- The Koolanbilba lookout on the Ships Stern circuit from Binna Burra is part of the rhyolite lava flow that makes up the Ships Stern Range.
- Tuff is a rock composed of consolidated fine fragments from volcanic eruptions.
- The isolated Turtle Rock is almost entirely tuff and Yangahla Lookout, on the Ships Stern circuit, is on top of beds of tuff.
- Egg Rock ('Kurraragin') is a plug of rhyolite that filled a subsidiary vent on the side of the Tweed Volcano.
- Waterfall Creek valley is a great amphitheatre walled by spectacular white cliffs of a thick rhyolite flow from the Tweed Volcano.
- Basalt is a dark grey or black, fine-grained rock usually erupted as lava flows from volcanoes, but can also occur in dykes, sills and plugs.
- Deep weathering of the basalt lavas has produced fertile soils that support rainforest where rainfall is high.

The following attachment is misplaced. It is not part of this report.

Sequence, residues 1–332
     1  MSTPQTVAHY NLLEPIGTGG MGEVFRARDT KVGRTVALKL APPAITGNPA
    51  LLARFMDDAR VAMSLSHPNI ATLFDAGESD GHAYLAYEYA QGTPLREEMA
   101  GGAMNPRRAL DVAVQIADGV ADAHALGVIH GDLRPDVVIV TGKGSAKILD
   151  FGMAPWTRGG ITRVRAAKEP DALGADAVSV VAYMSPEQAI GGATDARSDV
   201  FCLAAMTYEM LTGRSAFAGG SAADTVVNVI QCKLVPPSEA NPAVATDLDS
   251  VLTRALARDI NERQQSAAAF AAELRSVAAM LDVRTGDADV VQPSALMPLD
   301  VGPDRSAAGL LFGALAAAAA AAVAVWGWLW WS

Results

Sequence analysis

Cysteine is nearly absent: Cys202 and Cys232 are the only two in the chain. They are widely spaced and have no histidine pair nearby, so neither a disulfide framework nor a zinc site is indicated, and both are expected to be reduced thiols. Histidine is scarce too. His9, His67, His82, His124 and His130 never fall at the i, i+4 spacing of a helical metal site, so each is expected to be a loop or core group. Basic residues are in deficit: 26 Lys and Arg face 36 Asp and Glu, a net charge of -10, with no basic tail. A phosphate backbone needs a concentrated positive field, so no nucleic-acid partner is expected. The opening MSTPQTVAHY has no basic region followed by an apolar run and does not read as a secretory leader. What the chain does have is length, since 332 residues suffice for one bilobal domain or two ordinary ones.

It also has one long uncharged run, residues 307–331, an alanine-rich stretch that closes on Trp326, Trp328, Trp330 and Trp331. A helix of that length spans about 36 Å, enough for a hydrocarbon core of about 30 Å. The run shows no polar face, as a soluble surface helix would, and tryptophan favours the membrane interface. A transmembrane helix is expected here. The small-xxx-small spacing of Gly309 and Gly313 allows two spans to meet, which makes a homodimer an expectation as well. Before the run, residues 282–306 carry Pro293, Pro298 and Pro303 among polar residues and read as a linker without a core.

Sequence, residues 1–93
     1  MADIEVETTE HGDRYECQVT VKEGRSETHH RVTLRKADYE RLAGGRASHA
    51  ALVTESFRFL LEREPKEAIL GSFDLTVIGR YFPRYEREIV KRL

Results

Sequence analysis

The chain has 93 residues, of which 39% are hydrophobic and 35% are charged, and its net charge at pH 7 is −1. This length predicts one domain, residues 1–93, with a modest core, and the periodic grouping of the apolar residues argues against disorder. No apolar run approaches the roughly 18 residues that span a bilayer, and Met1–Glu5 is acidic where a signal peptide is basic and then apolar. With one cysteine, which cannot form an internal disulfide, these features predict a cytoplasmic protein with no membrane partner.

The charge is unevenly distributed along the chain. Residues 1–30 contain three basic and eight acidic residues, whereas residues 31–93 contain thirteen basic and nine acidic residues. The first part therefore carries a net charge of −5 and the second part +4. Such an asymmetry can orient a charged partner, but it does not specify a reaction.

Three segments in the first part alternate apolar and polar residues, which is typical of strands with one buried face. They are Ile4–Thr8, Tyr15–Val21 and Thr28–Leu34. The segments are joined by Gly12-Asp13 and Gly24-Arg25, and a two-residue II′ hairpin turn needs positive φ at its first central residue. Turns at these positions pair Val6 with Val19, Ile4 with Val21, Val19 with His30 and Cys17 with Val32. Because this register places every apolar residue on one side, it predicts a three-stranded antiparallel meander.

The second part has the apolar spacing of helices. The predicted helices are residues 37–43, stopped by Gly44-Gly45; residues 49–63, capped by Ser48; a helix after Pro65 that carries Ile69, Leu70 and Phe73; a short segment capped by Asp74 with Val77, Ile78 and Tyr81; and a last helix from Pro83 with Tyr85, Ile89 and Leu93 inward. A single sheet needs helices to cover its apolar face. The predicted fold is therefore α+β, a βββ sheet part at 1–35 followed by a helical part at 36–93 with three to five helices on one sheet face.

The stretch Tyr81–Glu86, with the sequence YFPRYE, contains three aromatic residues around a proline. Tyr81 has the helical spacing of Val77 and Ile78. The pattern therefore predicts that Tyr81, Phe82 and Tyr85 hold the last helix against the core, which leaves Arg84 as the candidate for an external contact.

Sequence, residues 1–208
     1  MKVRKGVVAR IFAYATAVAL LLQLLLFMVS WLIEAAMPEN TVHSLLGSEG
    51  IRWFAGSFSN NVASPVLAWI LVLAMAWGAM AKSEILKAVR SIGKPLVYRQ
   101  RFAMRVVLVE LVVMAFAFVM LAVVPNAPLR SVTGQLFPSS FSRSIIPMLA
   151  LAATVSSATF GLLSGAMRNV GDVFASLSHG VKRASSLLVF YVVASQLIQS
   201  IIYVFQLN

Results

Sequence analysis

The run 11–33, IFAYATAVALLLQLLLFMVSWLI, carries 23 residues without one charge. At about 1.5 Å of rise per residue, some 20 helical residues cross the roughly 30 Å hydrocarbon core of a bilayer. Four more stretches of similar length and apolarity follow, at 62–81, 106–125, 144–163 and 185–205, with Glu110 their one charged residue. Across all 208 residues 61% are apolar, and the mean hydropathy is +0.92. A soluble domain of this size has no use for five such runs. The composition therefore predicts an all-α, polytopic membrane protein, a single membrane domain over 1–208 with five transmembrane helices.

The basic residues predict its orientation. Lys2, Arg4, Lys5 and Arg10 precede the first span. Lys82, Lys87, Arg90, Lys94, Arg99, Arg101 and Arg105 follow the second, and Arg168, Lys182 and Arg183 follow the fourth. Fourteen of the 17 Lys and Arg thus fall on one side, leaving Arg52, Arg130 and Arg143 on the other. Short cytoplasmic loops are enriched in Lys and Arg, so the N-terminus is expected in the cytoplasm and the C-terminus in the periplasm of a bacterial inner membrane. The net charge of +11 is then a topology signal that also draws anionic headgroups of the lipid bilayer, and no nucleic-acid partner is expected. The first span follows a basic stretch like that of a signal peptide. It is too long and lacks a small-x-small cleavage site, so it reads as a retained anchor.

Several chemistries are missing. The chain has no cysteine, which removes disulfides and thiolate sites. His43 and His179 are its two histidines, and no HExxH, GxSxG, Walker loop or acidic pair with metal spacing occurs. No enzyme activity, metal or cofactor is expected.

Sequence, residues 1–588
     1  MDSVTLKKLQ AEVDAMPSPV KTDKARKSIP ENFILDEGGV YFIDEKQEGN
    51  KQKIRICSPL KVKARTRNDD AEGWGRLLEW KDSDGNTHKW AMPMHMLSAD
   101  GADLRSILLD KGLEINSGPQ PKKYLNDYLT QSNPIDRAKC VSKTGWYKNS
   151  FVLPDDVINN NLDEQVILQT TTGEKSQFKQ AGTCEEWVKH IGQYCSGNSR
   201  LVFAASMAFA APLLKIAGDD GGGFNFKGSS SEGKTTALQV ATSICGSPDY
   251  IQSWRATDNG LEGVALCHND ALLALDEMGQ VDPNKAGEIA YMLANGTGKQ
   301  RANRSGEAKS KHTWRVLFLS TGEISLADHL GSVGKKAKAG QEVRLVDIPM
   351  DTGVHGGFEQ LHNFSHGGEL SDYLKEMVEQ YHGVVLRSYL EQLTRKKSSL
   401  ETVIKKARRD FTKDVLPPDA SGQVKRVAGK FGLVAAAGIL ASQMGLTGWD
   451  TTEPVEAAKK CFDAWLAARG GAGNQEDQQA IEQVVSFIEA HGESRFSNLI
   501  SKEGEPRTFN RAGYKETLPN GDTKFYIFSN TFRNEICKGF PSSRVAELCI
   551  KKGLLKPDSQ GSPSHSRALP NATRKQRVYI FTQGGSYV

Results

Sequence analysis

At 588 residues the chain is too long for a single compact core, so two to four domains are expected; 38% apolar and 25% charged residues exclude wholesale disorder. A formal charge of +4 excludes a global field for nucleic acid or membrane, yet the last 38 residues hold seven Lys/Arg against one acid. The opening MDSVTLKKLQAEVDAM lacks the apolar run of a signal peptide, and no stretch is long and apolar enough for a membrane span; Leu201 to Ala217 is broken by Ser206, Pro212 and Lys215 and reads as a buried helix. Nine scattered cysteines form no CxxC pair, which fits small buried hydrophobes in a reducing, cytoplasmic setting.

- The Border Track traverses some of the highest remaining basalt lavas from the Tweed Volcano.
- Visit Geological Society of Australia Queensland Division
- To purchase the booklet ‘Rocks and Landscapes of the National Parks of Southern Queensland’ contact:
Geological Society of Australia Queensland Division
GPO Box 1820, Brisbane Qld 4001
ph (07) 3368 2066
fax (07) 3367 1011
- Phytophthora root rot is a plant disease caused by the soil fungus Phytophthora cinnamomi. The fungus was probably introduced into Australia through European settlement and has now spread to affect hundreds of thousands of hectares of native vegetation, especially in Western Australia, Victoria, Tasmania, South Australia and coastal Queensland.